The Flash Flood Watch was expanded to now include all of northern/central VA, the WV panhandle, and all of central/southern MD. It was also extended until 6 AM Friday morning. Heavy rain is expected to develop this afternoon into tonight and could lead to flash flooding. pic.twitter.com/t33klZNzLm
— NWS Baltimore-Washington (@NWS_BaltWash) August 6, 2020
As Alexandria hunkers down for potentially heavy rainfall from Tropical Storm Isaias, some local services have been suspended.
The northern entrance to the King Street Metro station will be closed.
“The north entrance at King Street Station will also be closed Tuesday due to the potential for flooding,” Metro said in a press release. “Customers should use the station’s south entrance instead.”
The city has also suspended its curbside trash and recycling collection today.
“Residents who normally receive collection on Tuesday should not place bins or bags curbside on Monday night or Tuesday morning, and should secure any bins or bags already placed outside,” the City of Alexandria said.
According to the city:
Trash and recycling collection will “slide” by one day this week:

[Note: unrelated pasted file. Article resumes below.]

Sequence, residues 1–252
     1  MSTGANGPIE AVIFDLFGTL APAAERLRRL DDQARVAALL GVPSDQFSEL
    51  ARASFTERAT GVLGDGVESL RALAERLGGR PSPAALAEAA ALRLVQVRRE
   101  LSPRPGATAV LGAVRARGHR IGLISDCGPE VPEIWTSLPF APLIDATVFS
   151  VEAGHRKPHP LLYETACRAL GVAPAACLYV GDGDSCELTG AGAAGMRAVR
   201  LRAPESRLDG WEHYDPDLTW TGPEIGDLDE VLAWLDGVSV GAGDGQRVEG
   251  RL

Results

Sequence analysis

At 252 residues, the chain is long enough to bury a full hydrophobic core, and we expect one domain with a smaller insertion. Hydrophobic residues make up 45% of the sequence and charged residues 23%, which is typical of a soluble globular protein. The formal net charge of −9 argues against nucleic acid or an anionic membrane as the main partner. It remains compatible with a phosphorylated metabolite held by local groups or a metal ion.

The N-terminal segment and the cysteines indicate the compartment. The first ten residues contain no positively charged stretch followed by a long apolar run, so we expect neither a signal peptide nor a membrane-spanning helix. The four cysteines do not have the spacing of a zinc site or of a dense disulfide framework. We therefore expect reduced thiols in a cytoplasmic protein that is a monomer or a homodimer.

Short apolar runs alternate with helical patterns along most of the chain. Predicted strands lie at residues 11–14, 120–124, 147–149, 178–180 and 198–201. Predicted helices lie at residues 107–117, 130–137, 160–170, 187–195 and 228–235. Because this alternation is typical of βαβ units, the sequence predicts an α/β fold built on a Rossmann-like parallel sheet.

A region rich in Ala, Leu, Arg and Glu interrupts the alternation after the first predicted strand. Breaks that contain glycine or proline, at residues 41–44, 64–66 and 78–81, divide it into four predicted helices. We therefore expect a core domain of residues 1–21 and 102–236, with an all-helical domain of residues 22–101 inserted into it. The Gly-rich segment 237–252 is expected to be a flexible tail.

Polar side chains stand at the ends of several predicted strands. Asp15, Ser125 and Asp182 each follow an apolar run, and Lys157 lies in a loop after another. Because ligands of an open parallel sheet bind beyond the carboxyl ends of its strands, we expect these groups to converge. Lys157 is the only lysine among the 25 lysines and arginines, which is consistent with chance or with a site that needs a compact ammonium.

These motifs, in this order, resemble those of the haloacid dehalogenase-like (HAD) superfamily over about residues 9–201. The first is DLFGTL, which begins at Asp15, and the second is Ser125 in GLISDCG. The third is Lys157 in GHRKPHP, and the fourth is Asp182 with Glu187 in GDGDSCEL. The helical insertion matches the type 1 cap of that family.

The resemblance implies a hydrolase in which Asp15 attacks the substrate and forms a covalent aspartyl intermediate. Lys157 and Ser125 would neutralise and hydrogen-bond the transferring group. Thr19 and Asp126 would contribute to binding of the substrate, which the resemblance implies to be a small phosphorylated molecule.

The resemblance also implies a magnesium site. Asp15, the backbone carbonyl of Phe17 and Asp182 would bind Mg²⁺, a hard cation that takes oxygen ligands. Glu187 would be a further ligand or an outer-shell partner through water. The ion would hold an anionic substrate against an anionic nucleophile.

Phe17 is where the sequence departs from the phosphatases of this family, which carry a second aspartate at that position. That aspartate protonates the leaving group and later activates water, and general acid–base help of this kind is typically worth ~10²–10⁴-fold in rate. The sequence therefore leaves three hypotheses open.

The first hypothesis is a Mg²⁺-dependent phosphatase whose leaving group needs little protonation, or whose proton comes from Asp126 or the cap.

- Items normally collected on Tuesday will be collected on Wednesday.
- Items normally collected on Wednesday will be collected on Thursday.
- Items normally collected on Thursday will be collected on Friday.
Residents needing to dispose of storm debris from their property or home can place it curbside for pickup during their next trash and recycling collection day.
Because crews will collect trash this Friday, yard waste collection is suspended for this week and will not be collected on Friday, August 7. Any yard waste materials placed curbside this week will be collected as trash. Yard waste collection is expected to resume on Friday, August 14.
According to the National Weather Service (NWS), showers and a possible thunderstorm could appear before 3 p.m., then a chance of showers again between 3-5 p.m., then a chance of showers and thunderstorms after 5 p.m. Tonight, the NWS says there’s a chance of showers and thunderstorms before 10 p.m., then a slight chance of showers between 10 p.m.-1 a.m.
While the main body of the storm has mostly passed Alexandria and the rain is starting to taper down, flooding can still occur after a period of intense rainfall.
Remember that river and creek flooding is usually delayed for a period after rain ends.
— Russ Adams 🌧️🌬️☀️🌪️⚡ (@patpend) August 4, 2020
🔈Remember Friends, where the rain may start to taper off, flash flooding can still happen for hours after that.